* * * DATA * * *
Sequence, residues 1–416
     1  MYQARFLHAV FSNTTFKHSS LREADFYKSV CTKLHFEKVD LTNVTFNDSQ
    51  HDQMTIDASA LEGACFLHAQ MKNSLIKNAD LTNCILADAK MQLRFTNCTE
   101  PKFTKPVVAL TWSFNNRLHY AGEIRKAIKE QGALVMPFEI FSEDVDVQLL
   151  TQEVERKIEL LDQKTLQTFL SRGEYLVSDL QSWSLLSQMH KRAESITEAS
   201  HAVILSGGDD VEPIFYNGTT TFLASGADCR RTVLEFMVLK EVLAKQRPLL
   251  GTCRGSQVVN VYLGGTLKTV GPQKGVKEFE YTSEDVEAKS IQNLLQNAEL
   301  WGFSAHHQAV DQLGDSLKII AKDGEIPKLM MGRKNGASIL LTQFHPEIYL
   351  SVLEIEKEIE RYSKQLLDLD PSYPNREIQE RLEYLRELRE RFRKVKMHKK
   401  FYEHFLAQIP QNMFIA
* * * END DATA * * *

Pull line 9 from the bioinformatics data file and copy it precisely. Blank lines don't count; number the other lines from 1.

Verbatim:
   351  SVLEIEKEIE RYSKQLLDLD PSYPNREIQE RLEYLRELRE RFRKVKMHKK